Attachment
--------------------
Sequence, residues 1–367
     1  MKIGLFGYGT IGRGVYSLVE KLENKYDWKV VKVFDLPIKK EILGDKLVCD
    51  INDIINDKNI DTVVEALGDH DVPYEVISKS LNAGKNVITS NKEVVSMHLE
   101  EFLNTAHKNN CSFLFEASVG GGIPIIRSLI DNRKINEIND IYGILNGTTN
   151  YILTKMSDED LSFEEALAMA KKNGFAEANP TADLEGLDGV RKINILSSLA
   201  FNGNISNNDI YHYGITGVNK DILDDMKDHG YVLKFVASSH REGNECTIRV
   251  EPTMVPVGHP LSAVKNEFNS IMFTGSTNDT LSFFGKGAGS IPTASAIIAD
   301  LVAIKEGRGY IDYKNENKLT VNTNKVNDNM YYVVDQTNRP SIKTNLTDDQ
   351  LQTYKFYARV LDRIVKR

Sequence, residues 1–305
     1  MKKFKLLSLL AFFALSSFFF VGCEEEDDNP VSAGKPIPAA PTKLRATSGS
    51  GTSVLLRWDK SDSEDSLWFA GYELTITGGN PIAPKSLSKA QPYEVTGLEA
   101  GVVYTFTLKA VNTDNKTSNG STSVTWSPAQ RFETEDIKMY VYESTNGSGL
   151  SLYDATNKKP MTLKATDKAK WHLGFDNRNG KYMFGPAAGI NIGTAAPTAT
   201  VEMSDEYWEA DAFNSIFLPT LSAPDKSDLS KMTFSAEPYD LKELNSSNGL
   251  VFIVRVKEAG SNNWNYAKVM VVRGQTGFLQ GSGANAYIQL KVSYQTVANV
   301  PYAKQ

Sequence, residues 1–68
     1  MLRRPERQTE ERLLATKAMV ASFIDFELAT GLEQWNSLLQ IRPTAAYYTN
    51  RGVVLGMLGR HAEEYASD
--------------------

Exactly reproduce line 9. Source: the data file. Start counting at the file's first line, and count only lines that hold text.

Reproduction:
   351  LQTYKFYARV LDRIVKR